EDitorial ± 14-Sep-2011

Harvest At Jimmy's, 2011

It's festival time, again, as the fondly remembered It's Immaterial once sang. Driving away from home, 10 miles or less, and we're bang into the car park, peasy. Accompanying Eldest and friend to V last month, we were herded into queues past sniffer dogs. Heading into Harvest At Jimmy's, stewards are all smiles and invite us to help ourselves to a free apple.

First order of the day is food. We've come to the right place. Buddha bowl? Risotto? Pure pie? Wood-fired pizza? Ostrich? Oh my, the choice is overwhelming. Mine's the chicken and spicy bean fajita from Chilli Gone Barmy -- lovely van -- hers is the lamb wrap. To be stretched out in the sun on a rug in the middle of a field in an English September is a fine state of affairs. Background music from the main stage helps too.

Can't miss Jay Rayner, both on stage or strolling around the site. There's the Guardian's very own Matthew Fort. That lady in the black is Fay Ripley. They're all here, even that there Jamie Oliver, apparently here to judge a sausage-eating competition. Such is his rock star status that if you're not in Jimmy's tent half an hour prior to his appearance, you won't see him.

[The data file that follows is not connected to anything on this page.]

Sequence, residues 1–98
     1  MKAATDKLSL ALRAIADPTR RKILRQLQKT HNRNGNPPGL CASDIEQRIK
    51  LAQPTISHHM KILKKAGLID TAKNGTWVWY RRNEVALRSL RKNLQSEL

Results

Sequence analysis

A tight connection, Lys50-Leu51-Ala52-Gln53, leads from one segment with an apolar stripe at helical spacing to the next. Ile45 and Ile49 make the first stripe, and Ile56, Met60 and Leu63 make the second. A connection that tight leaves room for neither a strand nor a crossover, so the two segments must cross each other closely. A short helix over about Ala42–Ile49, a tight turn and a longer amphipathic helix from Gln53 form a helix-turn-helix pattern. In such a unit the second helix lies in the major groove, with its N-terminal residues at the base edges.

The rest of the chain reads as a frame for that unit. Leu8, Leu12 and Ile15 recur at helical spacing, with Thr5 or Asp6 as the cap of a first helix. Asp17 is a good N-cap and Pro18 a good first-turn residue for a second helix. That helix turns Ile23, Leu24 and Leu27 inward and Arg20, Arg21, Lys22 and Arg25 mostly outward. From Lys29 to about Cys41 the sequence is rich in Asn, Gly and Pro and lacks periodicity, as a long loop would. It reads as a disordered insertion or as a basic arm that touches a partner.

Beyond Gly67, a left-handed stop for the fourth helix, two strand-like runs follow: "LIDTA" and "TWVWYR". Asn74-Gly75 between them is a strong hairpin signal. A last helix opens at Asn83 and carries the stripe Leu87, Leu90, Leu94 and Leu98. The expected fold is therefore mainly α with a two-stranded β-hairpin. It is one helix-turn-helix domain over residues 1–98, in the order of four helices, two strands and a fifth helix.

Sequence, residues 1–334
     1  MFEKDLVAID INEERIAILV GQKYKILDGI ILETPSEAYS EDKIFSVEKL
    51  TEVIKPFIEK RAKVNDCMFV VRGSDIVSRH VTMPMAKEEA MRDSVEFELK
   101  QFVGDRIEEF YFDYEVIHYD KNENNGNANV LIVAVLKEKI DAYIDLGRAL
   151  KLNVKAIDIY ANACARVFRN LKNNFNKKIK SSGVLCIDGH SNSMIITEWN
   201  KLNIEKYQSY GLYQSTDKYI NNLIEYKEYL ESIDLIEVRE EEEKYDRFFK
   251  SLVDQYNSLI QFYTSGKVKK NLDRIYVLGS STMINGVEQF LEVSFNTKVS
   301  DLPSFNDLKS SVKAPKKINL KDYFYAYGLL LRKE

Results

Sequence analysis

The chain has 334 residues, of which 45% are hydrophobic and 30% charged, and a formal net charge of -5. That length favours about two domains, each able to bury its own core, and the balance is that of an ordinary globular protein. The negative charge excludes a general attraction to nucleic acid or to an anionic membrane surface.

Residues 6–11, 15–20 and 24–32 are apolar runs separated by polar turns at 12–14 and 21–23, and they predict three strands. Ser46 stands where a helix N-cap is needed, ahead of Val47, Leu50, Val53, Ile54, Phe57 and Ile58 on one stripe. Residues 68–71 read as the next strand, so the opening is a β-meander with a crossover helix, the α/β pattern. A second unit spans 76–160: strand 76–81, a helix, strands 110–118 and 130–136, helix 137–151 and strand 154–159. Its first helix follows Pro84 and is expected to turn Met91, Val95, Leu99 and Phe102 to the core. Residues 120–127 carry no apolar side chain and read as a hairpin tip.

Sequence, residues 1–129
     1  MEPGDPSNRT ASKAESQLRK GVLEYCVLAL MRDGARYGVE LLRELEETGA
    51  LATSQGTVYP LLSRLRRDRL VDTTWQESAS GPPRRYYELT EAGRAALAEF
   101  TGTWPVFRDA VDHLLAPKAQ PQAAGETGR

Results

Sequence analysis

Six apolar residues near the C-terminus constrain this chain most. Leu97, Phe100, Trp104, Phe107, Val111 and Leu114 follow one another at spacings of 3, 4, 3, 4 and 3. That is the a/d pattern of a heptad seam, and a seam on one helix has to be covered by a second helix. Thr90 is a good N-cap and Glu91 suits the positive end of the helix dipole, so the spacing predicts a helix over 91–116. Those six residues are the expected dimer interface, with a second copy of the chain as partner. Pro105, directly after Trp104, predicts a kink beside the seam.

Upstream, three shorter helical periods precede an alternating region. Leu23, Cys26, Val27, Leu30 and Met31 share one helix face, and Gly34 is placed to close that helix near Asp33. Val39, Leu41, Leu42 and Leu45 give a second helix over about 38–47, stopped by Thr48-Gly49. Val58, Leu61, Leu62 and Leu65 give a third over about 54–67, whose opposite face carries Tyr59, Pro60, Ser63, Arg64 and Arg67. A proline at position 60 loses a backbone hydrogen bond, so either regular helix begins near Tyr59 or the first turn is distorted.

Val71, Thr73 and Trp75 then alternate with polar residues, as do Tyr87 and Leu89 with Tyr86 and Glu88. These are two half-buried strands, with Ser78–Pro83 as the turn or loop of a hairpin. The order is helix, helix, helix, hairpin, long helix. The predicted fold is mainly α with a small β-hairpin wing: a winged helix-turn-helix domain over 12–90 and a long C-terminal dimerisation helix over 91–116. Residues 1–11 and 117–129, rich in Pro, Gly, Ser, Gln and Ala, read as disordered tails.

Some six or so hours after arriving, I make my way down to the front of the main stage, hoodie up against the fresh drizzle. For I am specifically here to see Neil Hannon, aka The Divine Comedy. On he saunters, suave and bescarfed. No band at present, just himself at the piano stroke guitar. He's off to a flyer, failing to remember all the lyrics of The Lost Art Of Conversation and moving on to older material. Somehow that wicked charm carries the crowd and he can do no wrong, from an idyllic Perfect Lovesong to the Craggy Island sounds of Songs Of Love. He's briefly phased when a guy shouts out "I Love You!". Back at the keys, there's an epic Our Mutual Friend: love that song, and the sun's back out, and a dazzling rainbow arches over the stage. Final song is Tonight We Fly. Perfect. Then he's off.

Kids really enjoyed The Feeling: they put on a highly professional feelgood show, not unlike The Hoosiers last year. Parents retreated before the headline act, Eliza Doolittle, in search of a warming cuppa coffee. Could see her long legs from half a mile away. Sun long gone, did you think you'd brought enough layers? Think again.